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Clark County has made its second distribution of CARES Coronavirus Aid, Relief, and Economic Security) Act funding from the nearly $800,000 it received from the federal government earlier this year.
Eleven businesses and government bodies received a total of $270,920.03 this round. To date, $500.213.96 of the CARES Act money has been spent.
The largest recipient was the CCR-1 School District, which received $94,834.89.
“We are extremely grateful for the county to allocate this money to the school district to offset our unexpected expenses due to COVID-19. The Chromebooks purchased through this grant will get our district close to being 1 to 1 for students K-12. It puts us in a better position to allow us to continue to deliver a high quality education if we have to switch to a hybrid attendance model (Orange Status) or complete shutdown (Red Status). We are very fortunate to live in a community where the health department, city and county officials, and the school district works together to do what is best for our kids,” said Superintendent Dr. Ritchie Kracht.
Among the big ticket items paid for by the CARES Act funds are $32, 625 for Edgenuity, the online learning program being used by the 54 students who opted to take online courses. It will also be used by all students if the district is forced to close again.
The school district also was awarded $27,750.30 for more computers and devices, primarily for Black Hawk and Indian Pride students to use if the school needs to shut down or go to an every-other-day schedule. Other items included thermometers for the staff and bus drivers, individual headsets for online foreign language, carts and trash cans for delivering meals to classrooms, social distancing posters, water bottles for the students, and hand sanitizer. The complete list will be posted online at www.kahokamedia.com.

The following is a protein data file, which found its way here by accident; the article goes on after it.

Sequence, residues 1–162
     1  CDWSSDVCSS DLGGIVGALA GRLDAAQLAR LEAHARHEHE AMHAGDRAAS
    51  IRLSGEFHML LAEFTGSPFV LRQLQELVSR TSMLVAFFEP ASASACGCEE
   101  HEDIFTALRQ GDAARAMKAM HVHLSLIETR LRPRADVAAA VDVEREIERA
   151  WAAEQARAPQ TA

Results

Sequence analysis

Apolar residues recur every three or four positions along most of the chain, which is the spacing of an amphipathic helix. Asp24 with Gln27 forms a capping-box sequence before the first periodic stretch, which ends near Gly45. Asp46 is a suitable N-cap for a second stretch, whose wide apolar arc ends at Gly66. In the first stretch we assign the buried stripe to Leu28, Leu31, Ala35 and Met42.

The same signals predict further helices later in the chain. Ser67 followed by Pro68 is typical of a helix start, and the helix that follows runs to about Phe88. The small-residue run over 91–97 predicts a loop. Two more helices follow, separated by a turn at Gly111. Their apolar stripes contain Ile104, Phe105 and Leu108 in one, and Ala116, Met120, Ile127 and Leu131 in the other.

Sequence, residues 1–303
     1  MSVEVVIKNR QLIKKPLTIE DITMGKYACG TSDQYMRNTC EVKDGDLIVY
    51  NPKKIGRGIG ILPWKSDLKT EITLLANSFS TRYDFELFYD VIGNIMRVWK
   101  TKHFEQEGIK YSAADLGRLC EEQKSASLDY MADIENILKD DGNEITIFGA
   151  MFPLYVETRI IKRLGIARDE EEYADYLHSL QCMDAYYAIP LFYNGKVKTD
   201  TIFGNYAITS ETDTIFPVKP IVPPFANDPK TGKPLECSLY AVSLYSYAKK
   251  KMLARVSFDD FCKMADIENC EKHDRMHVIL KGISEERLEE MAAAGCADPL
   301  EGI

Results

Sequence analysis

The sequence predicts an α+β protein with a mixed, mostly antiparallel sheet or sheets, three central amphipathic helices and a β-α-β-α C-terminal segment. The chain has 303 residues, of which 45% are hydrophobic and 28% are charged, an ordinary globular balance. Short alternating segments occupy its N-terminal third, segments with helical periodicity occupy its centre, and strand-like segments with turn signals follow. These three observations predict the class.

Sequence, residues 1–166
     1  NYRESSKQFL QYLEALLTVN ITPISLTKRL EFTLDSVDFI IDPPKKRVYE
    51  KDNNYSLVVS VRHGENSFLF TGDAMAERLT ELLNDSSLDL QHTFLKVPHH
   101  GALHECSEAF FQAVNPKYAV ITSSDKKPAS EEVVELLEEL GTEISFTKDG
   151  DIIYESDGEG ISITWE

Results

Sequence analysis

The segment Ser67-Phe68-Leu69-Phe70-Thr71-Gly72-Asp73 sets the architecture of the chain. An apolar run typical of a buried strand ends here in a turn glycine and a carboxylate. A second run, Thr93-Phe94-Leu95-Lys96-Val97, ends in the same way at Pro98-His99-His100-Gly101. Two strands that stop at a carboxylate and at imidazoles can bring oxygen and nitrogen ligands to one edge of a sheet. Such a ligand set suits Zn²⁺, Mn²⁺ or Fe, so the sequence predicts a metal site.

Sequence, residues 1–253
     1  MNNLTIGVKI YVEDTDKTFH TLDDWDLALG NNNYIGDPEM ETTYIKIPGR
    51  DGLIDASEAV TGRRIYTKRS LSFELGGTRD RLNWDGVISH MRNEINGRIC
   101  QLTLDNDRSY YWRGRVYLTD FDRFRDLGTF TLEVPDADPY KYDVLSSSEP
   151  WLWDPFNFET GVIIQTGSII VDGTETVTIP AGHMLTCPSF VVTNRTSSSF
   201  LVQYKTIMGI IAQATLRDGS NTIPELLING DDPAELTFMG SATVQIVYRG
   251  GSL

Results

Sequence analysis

The Clark County Health Department received $82,849.45 for COVID-19 test kits, ABBOTT ID Now Rapid Machine for COVID-19, no touch front entrance doors, auto temperature screening system, sanitation for both buildings, bills associated with the Annex, payroll for mitigating COVID-19.
“We have had sxpenses associated with new off-site testing facility and testing supplies. For our main building, we will soon have no touch entrance doors and fever scanner installed andvideo conferencing system for the conference room. We have had to increase staff hours and add a new nurse due to the increased demands associated with COVID response,” said CCHD Administrator Evelena Sutterfield.
Others that received CARES funding were:
Kahoka Family Eyewear LLC: $586.23 for PPE
City of Kahoka: $1,327.17 for PPE and one employee on quarantined for 5 days
CARE: $17,139.70 lost revenue
Papa’s Pizza: $2631.83 for PPE and supplies not normally needed
Clark County Council on Aging: $19,308.98 for extra supplies needed for home delivery, cleaning supplies, increase in outreach for clients
Industrial Opportunities: $21,572.36 for barriers for work spaces, touch less sinks, toilets, paper towel dispensers, soap dispensers, hand sanitizer, and thermometers
Capnemo: $1118.27 for PPE and light sanitizer for the bathroom, cleaning supplies, computer for Zoom meetings, thermometer
Clark County Government: $28,371.27 for COVID-19 professional cleaning of the courthouse, cameras for Zoom meetings, cleaning supplies, and PPE
Exceed Physical Therapy: $1,179.88 for PPE ,pay for one employee quarantined for 2 weeks, cleaning supplies.
The next round of funding applications are due in November. Applications are available online at www.clarkcountymo.org.